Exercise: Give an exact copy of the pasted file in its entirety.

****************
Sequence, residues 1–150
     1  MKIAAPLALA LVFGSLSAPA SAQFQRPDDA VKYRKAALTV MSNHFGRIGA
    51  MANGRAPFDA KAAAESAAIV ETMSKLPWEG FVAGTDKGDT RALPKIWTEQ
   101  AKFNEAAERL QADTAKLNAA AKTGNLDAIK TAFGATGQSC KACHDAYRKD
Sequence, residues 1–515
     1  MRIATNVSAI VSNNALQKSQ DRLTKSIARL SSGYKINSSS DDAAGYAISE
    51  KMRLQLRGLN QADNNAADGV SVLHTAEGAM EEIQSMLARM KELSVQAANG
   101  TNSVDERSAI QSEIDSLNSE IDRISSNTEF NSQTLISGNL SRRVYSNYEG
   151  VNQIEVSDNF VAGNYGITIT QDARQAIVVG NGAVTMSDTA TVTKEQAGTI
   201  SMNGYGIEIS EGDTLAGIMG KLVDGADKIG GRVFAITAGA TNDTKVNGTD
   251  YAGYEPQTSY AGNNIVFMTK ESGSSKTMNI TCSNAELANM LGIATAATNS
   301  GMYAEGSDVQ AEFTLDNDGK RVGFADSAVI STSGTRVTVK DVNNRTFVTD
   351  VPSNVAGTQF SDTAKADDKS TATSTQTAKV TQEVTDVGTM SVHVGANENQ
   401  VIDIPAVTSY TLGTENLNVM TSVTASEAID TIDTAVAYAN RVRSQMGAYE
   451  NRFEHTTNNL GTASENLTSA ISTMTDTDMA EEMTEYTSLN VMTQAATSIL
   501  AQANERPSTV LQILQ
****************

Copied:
Sequence, residues 1–150
     1  MKIAAPLALA LVFGSLSAPA SAQFQRPDDA VKYRKAALTV MSNHFGRIGA
    51  MANGRAPFDA KAAAESAAIV ETMSKLPWEG FVAGTDKGDT RALPKIWTEQ
   101  AKFNEAAERL QADTAKLNAA AKTGNLDAIK TAFGATGQSC KACHDAYRKD
Sequence, residues 1–515
     1  MRIATNVSAI VSNNALQKSQ DRLTKSIARL SSGYKINSSS DDAAGYAISE
    51  KMRLQLRGLN QADNNAADGV SVLHTAEGAM EEIQSMLARM KELSVQAANG
   101  TNSVDERSAI QSEIDSLNSE IDRISSNTEF NSQTLISGNL SRRVYSNYEG
   151  VNQIEVSDNF VAGNYGITIT QDARQAIVVG NGAVTMSDTA TVTKEQAGTI
   201  SMNGYGIEIS EGDTLAGIMG KLVDGADKIG GRVFAITAGA TNDTKVNGTD
   251  YAGYEPQTSY AGNNIVFMTK ESGSSKTMNI TCSNAELANM LGIATAATNS
   301  GMYAEGSDVQ AEFTLDNDGK RVGFADSAVI STSGTRVTVK DVNNRTFVTD
   351  VPSNVAGTQF SDTAKADDKS TATSTQTAKV TQEVTDVGTM SVHVGANENQ
   401  VIDIPAVTSY TLGTENLNVM TSVTASEAID TIDTAVAYAN RVRSQMGAYE
   451  NRFEHTTNNL GTASENLTSA ISTMTDTDMA EEMTEYTSLN VMTQAATSIL
   501  AQANERPSTV LQILQ